That means that most of those most likely to be fit, those from 16 to 26, represent only 25% of the total and that means that the majority of the young and fit were destroyed on arrival and were not made available to the German war effort or to posterity.


Those 45 or so who had waited until the whole of our transport had been selected one way or another were now marched to the next stage of the process, taking our clothes off thereby losing our last shirt, shower, shaving off of all hair on our bodies and the issue of prison garb which in our case was not the striped clothing.


On the way to stage one the SS-soldiers asked us for watches. They were quite polite about it, they just said we weren’t going to need them any more. They, of course, knew better. Once taken off and put on one big heap they were out of their reach. Some of us handed them over.


We had to wait outside one of the large halls, women were still inside who had been shorn. A door was open and we looked in. I had never seen a naked young woman but these beings looked utterly and completely like the shop window dummies, deprived of all sexual appeal, which I had seen.


 Except that is for the “shearer”, one could hardly have called her a hairdresser since her job was to get rid of all feminine tresses. She had a full head of wavy black hair. Odd, since one of the reasons for removing hair was to deprive lice of a foothold. Lice lay eggs on human hair and lice carry the typhus bacillus which is no respecter of person and the Germans were frightened of typhus outbreaks.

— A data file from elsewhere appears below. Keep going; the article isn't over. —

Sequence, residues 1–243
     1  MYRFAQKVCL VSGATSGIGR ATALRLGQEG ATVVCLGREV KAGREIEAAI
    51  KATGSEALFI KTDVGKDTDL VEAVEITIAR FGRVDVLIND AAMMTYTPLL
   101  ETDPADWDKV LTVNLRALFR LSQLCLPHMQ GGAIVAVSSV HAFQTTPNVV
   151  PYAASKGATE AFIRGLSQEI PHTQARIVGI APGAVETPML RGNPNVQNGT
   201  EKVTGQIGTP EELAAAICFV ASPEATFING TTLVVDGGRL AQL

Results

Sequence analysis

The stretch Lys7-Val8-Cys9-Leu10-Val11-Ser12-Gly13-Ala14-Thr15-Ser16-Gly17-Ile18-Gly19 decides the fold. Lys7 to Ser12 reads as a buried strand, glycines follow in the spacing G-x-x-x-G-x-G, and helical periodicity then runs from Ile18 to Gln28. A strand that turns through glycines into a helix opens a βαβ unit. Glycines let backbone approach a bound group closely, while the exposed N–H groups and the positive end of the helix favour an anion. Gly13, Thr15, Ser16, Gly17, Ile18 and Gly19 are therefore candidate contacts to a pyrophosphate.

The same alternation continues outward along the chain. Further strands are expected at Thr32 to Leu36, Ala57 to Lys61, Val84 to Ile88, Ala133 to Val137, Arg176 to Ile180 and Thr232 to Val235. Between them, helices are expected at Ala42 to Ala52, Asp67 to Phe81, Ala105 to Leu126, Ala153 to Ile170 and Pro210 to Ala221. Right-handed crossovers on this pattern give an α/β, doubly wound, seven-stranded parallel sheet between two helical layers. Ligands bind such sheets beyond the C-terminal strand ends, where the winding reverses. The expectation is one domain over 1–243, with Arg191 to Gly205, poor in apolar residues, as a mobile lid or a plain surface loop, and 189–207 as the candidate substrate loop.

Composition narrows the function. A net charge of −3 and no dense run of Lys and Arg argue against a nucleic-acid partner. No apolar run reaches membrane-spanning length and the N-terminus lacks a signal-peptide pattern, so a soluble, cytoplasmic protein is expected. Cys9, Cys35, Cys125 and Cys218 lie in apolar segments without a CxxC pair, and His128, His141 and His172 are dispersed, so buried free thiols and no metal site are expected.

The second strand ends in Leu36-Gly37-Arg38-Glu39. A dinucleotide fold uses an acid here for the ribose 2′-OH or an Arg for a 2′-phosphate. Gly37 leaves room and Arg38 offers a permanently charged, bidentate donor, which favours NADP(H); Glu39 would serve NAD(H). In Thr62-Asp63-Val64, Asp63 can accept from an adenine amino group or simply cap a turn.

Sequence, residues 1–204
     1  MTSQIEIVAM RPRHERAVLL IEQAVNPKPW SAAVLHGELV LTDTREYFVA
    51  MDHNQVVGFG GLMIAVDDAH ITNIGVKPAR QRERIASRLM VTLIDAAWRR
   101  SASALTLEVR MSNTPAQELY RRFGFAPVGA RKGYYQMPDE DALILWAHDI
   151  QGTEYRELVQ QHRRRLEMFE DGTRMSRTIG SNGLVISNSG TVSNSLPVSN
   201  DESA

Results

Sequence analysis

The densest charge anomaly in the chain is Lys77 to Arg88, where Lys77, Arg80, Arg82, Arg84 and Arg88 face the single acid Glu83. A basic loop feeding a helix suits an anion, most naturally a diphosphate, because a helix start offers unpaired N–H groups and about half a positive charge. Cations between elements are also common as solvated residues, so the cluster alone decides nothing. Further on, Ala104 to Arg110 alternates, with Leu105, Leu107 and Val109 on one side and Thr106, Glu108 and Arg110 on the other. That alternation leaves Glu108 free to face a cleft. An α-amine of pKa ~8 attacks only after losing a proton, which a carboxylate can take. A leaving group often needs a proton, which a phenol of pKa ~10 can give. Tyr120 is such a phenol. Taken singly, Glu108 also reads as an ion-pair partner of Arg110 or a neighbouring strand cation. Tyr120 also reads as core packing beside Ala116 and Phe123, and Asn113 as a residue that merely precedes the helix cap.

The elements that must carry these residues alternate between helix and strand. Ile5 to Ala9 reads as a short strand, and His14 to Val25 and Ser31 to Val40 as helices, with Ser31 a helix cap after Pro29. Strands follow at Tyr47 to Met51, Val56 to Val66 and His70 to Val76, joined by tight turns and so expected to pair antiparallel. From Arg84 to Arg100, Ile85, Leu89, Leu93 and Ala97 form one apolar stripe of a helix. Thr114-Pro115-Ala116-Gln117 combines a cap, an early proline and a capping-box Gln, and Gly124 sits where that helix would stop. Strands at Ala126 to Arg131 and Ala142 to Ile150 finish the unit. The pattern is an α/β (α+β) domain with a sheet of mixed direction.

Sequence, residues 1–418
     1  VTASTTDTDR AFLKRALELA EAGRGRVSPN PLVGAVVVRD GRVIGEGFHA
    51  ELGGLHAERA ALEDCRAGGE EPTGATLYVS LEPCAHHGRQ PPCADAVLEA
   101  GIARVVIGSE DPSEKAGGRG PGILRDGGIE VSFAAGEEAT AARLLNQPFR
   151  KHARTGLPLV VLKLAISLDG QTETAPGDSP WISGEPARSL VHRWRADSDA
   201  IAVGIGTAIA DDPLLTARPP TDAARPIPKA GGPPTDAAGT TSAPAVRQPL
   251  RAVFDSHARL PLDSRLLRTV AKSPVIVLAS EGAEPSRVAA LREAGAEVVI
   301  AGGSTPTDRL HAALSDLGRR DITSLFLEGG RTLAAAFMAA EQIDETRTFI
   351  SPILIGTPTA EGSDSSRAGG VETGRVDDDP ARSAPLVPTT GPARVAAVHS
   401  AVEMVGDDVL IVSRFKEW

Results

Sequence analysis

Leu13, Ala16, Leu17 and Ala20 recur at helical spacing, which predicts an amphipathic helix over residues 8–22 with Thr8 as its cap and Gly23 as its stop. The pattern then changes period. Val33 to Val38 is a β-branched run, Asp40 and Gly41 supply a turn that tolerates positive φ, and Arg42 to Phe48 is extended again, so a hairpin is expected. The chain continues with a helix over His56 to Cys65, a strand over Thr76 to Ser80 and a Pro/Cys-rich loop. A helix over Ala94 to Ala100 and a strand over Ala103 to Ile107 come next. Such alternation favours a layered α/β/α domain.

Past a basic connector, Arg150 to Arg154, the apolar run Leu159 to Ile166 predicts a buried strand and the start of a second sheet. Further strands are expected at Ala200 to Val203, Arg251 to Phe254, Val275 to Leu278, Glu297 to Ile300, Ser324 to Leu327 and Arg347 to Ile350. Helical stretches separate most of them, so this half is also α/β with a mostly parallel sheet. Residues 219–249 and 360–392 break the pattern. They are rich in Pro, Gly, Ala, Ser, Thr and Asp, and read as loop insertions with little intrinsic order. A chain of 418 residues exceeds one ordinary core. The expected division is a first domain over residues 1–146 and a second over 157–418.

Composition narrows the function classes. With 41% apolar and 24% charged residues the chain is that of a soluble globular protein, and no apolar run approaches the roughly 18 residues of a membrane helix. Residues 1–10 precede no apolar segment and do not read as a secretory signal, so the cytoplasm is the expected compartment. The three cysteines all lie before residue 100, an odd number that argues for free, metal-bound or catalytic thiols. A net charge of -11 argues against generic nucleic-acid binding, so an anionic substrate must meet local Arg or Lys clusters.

Once we were inside we were told to remove our clothes and put them on a pile, or piles, except for shoes or boots which were retrieved. That made sense, we were earmarked for work, some, like us, within the jurisdiction  of other main camps, KZ Gross-Rosen in our case, it was winter, we would need shoes to move and work more efficiently and, since everybody had a different size shoe, it best to keep them.


That is a generalisation. I was to lose my shoes inside the camp and there are stories of others who had to walk to work barefoot and were lucky if they had rags to tie round their feet. What struck me then though was the order for all those with surgical trusses to support their hernia, to put them all on one pile. That did not make sense. Having selected them, admittedly on outward appearance, on Dr. Mengele’s hunch, and having got them this far, to deprive them of their trusses would soon make them unable to work


Different people describe the next steps in different sequences and I can’t remember. Did we have our hair removed before or after the shower? I don’t know. Reiser says that it was done professionally and that his crowd was painted with carbolic to disinfect any cuts. That is not what I remember.


By the time it was my turn, and I was very hairy, the barber’s safety razor was very blunt although there must have been plenty of replacement blades as every arrival would have carried a supply, he did a “dry” job and it was painful to have all hair removed from chest, legs, arms, arm pits, testicles and anus.


I cannot remember the carbolic at all. Then there was the short shower, I can’t remember whether we were given any soap, just a rinse would not have removed any dirt. There was nothing to dry oneself with, exposed to a Polish winter’s blast at an open door one would normally have caught pneumonia. There was nothing normal about our situation and we didn’t.


Then came new clothes, a misnomer. Reiser says that there was a deliberate mismatch of sizes but I can’t remember that. Underpants were short, wide, ill-fitting and tightened with string. They were made from prayer shawls. That may have had its root in wanting to insult the Jewish religious procedure but as they were made of the finest wool it did us a good turn. I received no shirt, instead I was handed a thin blanket to wrap around me and to tuck into the trousers.